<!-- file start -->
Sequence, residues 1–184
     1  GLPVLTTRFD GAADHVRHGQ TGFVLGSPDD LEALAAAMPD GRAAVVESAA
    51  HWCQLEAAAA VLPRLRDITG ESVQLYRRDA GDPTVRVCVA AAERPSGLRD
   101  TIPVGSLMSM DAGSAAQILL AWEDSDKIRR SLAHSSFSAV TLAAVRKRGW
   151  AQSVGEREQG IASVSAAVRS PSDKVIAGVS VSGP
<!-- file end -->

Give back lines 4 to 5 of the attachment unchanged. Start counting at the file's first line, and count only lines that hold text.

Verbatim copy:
   101  TIPVGSLMSM DAGSAAQILL AWEDSDKIRR SLAHSSFSAV TLAAVRKRGW
   151  AQSVGEREQG IASVSAAVRS PSDKVIAGVS VSGP